You’ve finally upgraded your lights to the big leagues:  Beautiful, professional lights that will make your subjects shine bright.  However, you may have run into a problem.  Maybe those lights are too bright.  Maybe you’re getting all sorts of shadows, and your subject doesn’t look natural, not to mention they’re uncomfortable with these harsh lights bearing down on them.  Not to worry: there is a way to reduce that harsh light by using diffusion.  A simple way to make the light easier on the eyes, on your subject, and in your video.

Diffusion: When Your Lights Are Too Darn Bright

Why do you need diffusion?  You’re changing the quality of the light you’re shooting with.  If you’re unsure of whether your light is hard or soft, take a look at this nifty article.  But essentially, hard light creates very defined shadows, soft light creates opaque and spread-out shadows.  Tungsten lights tend to be harsh (brighter).  They produce darker shadows, and bring out imperfections.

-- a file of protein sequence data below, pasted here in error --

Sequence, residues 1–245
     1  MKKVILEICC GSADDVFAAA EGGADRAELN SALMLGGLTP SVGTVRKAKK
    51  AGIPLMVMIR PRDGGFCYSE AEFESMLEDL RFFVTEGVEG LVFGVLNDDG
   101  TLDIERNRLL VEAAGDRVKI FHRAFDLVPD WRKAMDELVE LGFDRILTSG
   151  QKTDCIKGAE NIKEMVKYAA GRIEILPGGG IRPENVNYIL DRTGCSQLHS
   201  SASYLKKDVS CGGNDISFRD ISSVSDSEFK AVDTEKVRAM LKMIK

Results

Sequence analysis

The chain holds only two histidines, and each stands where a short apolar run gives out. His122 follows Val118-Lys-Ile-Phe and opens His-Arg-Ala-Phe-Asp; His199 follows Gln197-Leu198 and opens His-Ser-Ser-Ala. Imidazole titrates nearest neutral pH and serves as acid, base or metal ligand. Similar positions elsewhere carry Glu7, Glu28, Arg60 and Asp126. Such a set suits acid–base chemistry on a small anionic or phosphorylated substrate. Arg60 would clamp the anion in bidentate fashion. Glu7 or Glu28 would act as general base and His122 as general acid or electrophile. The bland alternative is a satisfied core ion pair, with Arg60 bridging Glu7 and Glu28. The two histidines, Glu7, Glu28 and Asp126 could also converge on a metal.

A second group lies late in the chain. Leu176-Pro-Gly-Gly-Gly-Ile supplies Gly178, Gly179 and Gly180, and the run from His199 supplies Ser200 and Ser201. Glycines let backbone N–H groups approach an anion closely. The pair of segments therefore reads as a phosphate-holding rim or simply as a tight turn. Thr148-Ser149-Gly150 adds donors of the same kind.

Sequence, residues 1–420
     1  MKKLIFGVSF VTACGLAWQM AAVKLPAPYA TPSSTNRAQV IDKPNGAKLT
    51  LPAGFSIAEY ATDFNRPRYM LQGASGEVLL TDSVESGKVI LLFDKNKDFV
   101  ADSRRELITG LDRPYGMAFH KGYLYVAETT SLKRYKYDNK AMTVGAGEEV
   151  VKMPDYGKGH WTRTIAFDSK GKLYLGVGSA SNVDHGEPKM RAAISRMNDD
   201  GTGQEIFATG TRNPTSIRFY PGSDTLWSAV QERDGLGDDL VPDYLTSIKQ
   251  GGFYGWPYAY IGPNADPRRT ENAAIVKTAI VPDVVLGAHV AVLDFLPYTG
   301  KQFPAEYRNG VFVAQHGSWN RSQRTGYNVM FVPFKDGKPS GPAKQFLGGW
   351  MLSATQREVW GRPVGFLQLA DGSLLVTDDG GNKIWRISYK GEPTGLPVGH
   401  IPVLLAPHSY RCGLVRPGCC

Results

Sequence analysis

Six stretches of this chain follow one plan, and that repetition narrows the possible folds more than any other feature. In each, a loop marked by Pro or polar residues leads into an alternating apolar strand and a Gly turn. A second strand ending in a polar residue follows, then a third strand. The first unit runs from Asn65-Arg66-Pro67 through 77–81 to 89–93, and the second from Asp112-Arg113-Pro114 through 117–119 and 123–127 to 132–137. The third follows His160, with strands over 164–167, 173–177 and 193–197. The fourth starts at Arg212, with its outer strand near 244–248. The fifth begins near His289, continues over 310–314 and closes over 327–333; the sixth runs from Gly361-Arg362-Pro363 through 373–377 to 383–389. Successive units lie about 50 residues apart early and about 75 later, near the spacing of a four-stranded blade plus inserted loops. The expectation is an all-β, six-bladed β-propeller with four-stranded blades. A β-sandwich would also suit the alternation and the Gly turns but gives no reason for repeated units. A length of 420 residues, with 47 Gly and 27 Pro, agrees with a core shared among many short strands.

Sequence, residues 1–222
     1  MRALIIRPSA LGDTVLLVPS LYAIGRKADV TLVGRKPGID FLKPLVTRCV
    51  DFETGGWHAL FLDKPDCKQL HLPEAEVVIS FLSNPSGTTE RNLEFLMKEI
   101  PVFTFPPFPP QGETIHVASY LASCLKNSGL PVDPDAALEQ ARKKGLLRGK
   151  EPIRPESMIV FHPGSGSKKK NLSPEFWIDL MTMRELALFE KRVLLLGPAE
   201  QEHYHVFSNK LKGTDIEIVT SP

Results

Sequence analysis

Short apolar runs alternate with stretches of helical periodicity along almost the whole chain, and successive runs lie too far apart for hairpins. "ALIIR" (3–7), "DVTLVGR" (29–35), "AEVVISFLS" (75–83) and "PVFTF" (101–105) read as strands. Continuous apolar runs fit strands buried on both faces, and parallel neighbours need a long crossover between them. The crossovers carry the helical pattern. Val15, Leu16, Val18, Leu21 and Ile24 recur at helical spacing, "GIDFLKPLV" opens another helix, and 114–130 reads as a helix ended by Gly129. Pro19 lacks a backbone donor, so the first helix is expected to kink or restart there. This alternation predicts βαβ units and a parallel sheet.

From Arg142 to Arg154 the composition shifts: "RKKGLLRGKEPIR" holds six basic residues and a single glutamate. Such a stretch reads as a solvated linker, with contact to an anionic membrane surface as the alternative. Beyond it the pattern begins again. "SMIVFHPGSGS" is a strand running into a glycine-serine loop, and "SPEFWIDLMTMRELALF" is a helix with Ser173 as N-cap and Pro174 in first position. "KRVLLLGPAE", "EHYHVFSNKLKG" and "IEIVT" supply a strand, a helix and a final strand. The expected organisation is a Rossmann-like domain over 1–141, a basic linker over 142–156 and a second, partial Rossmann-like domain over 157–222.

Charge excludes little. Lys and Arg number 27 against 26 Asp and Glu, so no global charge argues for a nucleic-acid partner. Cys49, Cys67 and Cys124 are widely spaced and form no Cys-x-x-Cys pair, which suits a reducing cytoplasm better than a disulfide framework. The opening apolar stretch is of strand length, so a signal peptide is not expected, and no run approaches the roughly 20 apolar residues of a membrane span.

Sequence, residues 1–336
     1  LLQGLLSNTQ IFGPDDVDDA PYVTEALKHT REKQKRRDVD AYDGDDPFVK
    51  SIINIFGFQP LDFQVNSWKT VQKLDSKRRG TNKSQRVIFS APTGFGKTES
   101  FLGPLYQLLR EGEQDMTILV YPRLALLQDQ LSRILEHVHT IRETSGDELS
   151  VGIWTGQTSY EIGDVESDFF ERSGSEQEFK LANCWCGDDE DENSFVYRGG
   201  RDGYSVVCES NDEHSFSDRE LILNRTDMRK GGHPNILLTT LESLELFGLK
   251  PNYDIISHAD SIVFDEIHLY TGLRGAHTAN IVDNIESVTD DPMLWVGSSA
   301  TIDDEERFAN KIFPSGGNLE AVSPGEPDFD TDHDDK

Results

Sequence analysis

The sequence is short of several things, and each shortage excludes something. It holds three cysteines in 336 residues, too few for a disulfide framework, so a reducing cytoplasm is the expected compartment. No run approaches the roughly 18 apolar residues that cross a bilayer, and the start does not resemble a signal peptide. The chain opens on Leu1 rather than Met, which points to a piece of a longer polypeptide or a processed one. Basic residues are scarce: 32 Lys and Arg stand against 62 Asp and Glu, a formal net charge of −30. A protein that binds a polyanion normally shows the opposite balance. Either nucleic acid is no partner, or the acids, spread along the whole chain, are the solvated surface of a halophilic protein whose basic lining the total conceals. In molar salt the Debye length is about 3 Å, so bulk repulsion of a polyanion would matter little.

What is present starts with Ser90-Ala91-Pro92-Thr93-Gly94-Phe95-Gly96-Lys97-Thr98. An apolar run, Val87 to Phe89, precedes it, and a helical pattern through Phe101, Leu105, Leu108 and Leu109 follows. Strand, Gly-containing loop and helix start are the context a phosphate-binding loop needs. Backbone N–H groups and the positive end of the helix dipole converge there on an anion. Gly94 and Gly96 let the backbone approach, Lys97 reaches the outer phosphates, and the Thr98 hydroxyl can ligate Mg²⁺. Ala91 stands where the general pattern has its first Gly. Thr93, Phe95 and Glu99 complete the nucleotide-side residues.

Diffusion comes in several different grades to help give the light a softer look, allowing the light to wrap around the subject more, reducing the strength of the shadows, and giving the subject’s skin a smoother, younger look.

Decide what kind of diffusion you need from the variety of options you get in a package, and simply clip them to the light’s barn doors.  It’s basically like sticking a piece of wax in front of your light to bring down the intensity of it.  You may need to counter this by opening the iris on your camera to allow in more light.  If that’s not possible, you may simply need to bring the lights closer to the subject.  The light’s brightness will go back up, but you’ll be able to keep the softness.

It’s easy, but don’t just use the first gel you try out.  Try all the different ones in your arsenal to find the one that best works for you.

A ton more Reel Rebel tips on all kinds of lighting:

For the very basics on lighting, go to this video right here.  It’s Video Lighting Basics 101.

Need to know the basics of color temperature?  Look no further.